This year’s theme was “Things or People That Have Inspired You”.  And not to get all Buzzfeed about it, but “You Won’t Believe What This Woman Said Inspired Her!”.  I hope you’ll watch, and enjoy, my slightly embarrassing, but hopefully inspiring 6-minute talk on what inspired me.

And THANK YOU to the people at IBM ConnectED who came up to me after (and throughout the week) to talk about my topic.  THAT is why we have the sparks session for people to share and connect and learn more about each other and feel inspired.

Here is the blog post and link to this year’s videos:  http://nerdgirlsgroup.com/2015/02/03/sparks-ideas-video-connected-2015/

And here is the link to our Vimeo channel with past years:  http://vimeo.com/channels/sparkideas

My Take on IBM ConnectED 2015

I am surprised to be saying this, to have said it this week, but…this was my best Lotusphere ever.  Before you start arguing and telling me what things you felt weren’t the best, I will say, this was *MY* best Lotusphere.

Honorable mention:  my first Lotusphere in 2008.  I went by myself and didn’t know a soul there.  I didn’t know about Planet Lotus or who any of the speakers or attendees were.  It could never be the best as I barely spoke to anyone, but I saw speakers like Paul Mooney and Bill Buchan doing Worst Practices, and Julian Robichaux and Rob McDonough looking like pirates (they were pirates, right?  I just remember facial hair) and presenting on charts.  I met Marie Scott and Joni and ??, who were kind enough to let me hang out with them when I felt completely out of place.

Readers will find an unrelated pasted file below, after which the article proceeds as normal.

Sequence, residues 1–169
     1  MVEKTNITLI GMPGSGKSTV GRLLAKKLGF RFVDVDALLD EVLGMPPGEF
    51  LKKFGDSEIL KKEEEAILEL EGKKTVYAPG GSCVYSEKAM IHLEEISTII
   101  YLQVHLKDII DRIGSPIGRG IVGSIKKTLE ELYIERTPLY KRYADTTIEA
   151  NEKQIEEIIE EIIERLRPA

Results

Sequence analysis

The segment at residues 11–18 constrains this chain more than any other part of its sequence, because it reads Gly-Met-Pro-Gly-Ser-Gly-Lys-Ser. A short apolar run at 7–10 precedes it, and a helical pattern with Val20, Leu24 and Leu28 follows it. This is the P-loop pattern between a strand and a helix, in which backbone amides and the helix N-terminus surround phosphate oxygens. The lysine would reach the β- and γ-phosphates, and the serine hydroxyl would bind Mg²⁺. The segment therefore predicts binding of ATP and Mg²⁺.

Runner-up:  My third Lotusphere (2010) is definitely in contention for my best Lotusphere.  It was my first Lotusphere as a speaker.  It was my first conference of any kind as a speaker. (And here was my blog post wrap up for THAT Lotusphere, http://www.runningnotes.net/index.php/2010/01/25/lotusphere-2010-%e2%80%93-the-surreal-year/)  I met Tom Duff the day before I presented with him.  How could that not be at the top of my list?

But the winner is 2015.  Yes, I know, technically, it was IBM ConnectED and not Lotusphere, but let’s face it, it was Lotusphere.  So why was it my best?  Amusingly, it was how I connected with people.  “A new way to engage”, indeed.  Although, it wasn’t better because of social business, it was better because I made a promise to myself to talk to more people.  I wanted to reach out beyond the circle of people I knew and meet (and talk and connect) to new people.  I did just that.

A side note: I was informed before the conference this year that my “resting b!tch face” is pretty strong.  aka when I’m just sitting around thinking about nothing in particular, I look like I am angry or focused, so people tend to think they shouldn’t bother me.  Even friends have said they wouldn’t approach me when I’ve got that face on.  As a result, I tweeted that people should still say hi, AND I went out of my way to try and make eye contact with people and even (GASP) smile.

I got to talk to so many wonderful people this year.  Of course, all my friends that I’ve seen year after year, but also new people that I’d only just met.  I thank everyone for taking the time to talk to me.  I feel like we really did truly connect (pardon the pun).  I had wonderful conversations, loads of laughs, and never enough hugs.

Whatever the future may bring, in terms of conferences, or LUGs, or vacations, I hope to see you all again.  Correction, I hope to connect with you all sometime soon.